NAFTA was initially publicized as the best way to bring economic development – as well as environmental improvement – to Mexico. Neither of these promises have come true. Under NAFTA, the vast majority of investments into Mexico were in maquiladora factories: export-oriented manufacturing and assembly plants that return profits to the U.S. and other investor-based countries and do not promote direct economic development within Mexico. Over 2700 maquiladoras were constructed along the already environmentally-strained and overpopulated border region between Mexico and the United States.1 The overcrowded cities and towns associated with these maquiladoras continually struggle to meet basic sewage and waste disposal needs, resulting in a hepatitis A infection rate more than double the Mexican average.2 The increase in trade has also meant an increase in traffic and the accompanying air pollution. In the border town of Ciudad Juarez, between 1997 and 2001, over 36,000 children were rushed to emergency rooms due to breathing problems. This high level of air pollution was also shown to contribute significantly to deaths among children under age 5. 3 Toxins created by the maquiladora factories are leaking into the land and water at alarming rates. According to Mexican government figures, the cost of NAFTA-related environmental damage in 1999 alone was an estimated $47 billion. It is likely that annual pollution damages from 1989 to 1999 exceeded $36 billion per year. This damage dwarfs the value of economic growth from trade, which was only $14 billion per year. 4 Despite an anticipated rise in pollution levels, NAFTA did nothing to strengthen Mexico’s environmental protections. In fact, enforcement of environmental protections declined noticeably after NAFTA, and is often ignored by both corporations and the Mexican government. For example: While Mexican law requires that hazardous waste created by foreign-owned factories in the maquila zone be shipped back to the country of origin for treatment, only 12% of 8 million tons of hazardous waste receives adequate treatment, and only 30% is returned to the country of origin.5 Total environmental inspections plummeted by 45% after 1993, and inspections in the maquila zone decreased by 37%.6 In a recent survey of maquiladora managers, 45% said that they were dissatisfied with the availability of environmental training and 50 to 70% of respondents indicated that they were not rewarded or given financial incentives for environmental improvement, demonstrating the lack of importance given to environmental protection among corporations operating in the maquiladora sector. 7 Although spending on environmental protection in Mexico grew between 1988 and 1993, it fell by nearly half between 1994 and 1999. The cost of environmental damage has averaged 10% of the Mexican GDP since 1999, equivalent to $64.7 billion dollars in 2004, whereas spending for environmental protection amounted to 0.6% of GDP, or 4.1 million dollars. Investment in environmental protection would need to be 14.6 times greater to keep up with the level of degradation and natural resource destruction.8 For workers in Mexico’s manufacturing sector, NAFTA did not improve working and living conditions. Wages and purchasing power have fallen for most Mexicans over the past fifteen...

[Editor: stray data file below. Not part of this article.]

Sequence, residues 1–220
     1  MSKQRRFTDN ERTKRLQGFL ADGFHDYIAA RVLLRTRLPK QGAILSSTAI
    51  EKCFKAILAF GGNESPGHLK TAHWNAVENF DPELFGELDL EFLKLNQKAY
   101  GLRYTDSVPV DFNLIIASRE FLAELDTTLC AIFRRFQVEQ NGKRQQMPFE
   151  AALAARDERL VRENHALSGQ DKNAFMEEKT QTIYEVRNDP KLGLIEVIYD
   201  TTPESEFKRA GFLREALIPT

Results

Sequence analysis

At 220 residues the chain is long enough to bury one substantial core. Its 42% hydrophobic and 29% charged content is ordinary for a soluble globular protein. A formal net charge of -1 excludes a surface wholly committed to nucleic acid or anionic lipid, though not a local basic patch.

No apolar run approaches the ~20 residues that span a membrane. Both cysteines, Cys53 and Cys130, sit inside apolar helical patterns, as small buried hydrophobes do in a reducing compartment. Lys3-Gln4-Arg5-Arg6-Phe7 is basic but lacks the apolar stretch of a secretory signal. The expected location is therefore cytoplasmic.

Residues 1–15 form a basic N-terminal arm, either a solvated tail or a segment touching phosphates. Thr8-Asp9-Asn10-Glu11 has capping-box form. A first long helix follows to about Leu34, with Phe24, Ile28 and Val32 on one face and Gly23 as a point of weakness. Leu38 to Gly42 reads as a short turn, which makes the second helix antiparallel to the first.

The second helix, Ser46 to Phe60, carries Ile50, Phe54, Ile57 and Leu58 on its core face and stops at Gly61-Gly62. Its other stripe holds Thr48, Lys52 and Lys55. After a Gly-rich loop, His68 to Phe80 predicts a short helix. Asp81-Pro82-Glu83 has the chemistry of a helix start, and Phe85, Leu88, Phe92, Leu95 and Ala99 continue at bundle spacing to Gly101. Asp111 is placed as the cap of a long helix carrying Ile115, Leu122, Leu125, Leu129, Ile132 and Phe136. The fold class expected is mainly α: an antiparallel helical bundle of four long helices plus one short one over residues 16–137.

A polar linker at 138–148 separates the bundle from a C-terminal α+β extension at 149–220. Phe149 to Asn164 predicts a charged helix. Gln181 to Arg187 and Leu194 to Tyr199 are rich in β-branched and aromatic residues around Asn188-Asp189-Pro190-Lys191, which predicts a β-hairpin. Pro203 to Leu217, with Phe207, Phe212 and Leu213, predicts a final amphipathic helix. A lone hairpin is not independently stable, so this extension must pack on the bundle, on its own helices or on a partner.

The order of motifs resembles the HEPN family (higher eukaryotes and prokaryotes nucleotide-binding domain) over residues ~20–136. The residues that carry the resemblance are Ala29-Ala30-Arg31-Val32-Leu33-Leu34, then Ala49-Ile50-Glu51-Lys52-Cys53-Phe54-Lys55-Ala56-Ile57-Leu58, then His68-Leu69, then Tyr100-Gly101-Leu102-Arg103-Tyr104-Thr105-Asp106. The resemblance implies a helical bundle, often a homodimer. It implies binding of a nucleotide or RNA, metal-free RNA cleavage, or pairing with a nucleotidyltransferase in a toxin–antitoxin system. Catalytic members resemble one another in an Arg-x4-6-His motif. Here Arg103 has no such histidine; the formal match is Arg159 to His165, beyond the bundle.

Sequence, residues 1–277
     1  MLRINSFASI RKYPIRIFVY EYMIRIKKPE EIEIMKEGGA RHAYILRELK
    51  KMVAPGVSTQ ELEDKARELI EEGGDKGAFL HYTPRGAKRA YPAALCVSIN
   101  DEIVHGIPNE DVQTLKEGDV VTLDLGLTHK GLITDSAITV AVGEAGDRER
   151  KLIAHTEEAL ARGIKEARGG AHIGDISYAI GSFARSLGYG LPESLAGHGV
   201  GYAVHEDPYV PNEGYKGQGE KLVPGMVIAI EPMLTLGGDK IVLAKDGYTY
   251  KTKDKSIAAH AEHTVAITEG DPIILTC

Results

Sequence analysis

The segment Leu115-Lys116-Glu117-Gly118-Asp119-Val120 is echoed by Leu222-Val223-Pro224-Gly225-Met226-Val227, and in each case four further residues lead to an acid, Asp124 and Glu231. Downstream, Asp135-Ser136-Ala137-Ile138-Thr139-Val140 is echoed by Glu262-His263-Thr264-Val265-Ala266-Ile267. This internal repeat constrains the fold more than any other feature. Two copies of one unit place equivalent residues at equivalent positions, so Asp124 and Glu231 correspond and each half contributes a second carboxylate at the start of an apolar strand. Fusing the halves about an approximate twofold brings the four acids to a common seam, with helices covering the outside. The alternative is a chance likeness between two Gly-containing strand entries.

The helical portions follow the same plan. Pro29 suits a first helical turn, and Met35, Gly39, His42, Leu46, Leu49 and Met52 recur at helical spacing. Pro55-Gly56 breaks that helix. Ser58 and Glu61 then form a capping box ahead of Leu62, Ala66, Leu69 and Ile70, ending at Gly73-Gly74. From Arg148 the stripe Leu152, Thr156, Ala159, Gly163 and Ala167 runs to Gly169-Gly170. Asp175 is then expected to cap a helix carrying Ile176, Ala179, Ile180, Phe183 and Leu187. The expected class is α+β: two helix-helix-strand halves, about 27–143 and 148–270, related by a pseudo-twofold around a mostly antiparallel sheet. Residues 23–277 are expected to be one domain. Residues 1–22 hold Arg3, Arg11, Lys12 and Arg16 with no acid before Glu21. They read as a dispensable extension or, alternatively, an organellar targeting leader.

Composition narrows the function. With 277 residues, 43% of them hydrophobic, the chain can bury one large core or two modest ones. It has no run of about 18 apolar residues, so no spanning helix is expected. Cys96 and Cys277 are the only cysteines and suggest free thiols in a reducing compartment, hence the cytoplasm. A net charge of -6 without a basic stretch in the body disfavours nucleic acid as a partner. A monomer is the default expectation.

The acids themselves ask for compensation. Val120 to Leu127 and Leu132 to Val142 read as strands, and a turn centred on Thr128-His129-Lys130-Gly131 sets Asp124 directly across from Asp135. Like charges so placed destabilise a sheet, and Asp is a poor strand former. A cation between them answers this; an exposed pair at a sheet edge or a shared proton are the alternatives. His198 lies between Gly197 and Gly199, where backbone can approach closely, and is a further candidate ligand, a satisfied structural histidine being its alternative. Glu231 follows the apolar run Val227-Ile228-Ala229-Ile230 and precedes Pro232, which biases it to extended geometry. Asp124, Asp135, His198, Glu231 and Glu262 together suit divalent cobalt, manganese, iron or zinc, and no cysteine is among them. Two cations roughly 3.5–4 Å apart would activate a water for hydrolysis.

References: 1. 2. 3. 4. 5. 6. 7. 8. 9. 10. 11. 12. 13. 14. 15. Kevin Gallagher, Economic Progress, Environmental Setback: Are the Benefits of Free Trade Worth the Cost? Americas Program, Interhemispheric Resource Center, Global Development and Environmental Institute, Tufts University. May 1, 2002. U.S.-Mexican Border Health Commission, Demographical Profile of the U.S.-Mexico Border, http://www.nmsu.edu/%7Ebhcom/, Dec.9, 2003 Commission for Environmental Cooperation, Study Supports Improvements to Mexican Air Quality Standards, October 2003. Kevin P. Gallagher, Free Trade and the Environment: Mexico, NAFTA, and Beyond, Americas Program, Interhemispheric Resource Center, September 17, 2004. Lyuba Zarsky and Kevin P. Gallagher, NAFTA, Foreign Direct Investment, and Sustainable Industrial Development in Mexico, Americas Program, Interhemispheric Resource Center. Public Citizen, The Mexican Economy, Agriculture and Environment. Delia Valles, Bonnie F. Daily & James Bishop. An Environmental Education Program For Reducing Thermoplastic Waste in the El Paso-Ciudad Juarez Area, 2004. Southwest Consortium for Environmental Research & Policy. INEGI, Mexican Economic and Ecological System Accounts for 1999-2004. Coalition for Justice in the Maquiladoras, Interfaith Center on Corporate Responsibility, et al, “Mexicans Unable to Live on Sweatshop Wages”, June 2001. CorpWatch, Corporate Globalization Fact Sheet, March 22, 2001 Shorris, Earl. The Life and Times of Mexico. p. 531 Washington Office on Latin America, Rights and Development: CAFTA’s Missed Opportunities, March 2004. United Nations Conference on Trade and Development, Trade and Development Report, 2007: The “New Regionalism” and North-South Trade Agreements, Pg. 77 John Audley,et al., NAFTA’s Promise and Reality: Lessons from Mexico for the Hemisphere, Carnegie Endowment for International Peace, December 2003. Victor Lichtinger, Director of Secretariat for the Environment and Natural Resources (SEMARNAT) in Mexico, Report on Dec.3, 2001.